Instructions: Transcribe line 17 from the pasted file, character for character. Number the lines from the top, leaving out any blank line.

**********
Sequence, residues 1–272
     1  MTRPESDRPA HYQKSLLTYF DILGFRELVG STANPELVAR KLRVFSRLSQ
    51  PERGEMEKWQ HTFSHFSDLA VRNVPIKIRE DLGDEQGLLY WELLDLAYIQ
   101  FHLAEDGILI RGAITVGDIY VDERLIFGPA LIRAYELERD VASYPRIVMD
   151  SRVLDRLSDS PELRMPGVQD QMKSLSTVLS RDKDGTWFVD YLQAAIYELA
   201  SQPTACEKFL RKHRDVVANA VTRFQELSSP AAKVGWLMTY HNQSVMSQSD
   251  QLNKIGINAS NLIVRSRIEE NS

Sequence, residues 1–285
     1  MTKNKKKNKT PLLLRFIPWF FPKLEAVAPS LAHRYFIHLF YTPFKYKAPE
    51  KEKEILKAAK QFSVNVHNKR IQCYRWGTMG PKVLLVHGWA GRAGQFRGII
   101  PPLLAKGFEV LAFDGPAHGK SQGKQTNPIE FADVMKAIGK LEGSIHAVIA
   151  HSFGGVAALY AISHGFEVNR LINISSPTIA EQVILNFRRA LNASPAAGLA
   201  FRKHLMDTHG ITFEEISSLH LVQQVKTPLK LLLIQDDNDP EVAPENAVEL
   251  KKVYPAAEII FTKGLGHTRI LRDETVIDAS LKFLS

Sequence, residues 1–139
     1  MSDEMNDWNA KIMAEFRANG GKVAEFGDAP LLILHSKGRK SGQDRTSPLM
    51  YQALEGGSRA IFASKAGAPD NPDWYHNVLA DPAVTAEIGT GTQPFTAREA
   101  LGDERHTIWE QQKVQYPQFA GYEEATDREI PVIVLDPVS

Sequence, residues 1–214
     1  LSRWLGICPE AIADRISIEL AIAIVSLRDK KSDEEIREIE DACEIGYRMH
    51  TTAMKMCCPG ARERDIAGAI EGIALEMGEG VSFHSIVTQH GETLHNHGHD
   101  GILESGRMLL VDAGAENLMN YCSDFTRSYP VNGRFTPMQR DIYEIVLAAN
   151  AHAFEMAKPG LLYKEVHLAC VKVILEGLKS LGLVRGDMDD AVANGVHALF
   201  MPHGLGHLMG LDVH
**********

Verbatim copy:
    51  YQALEGGSRA IFASKAGAPD NPDWYHNVLA DPAVTAEIGT GTQPFTAREA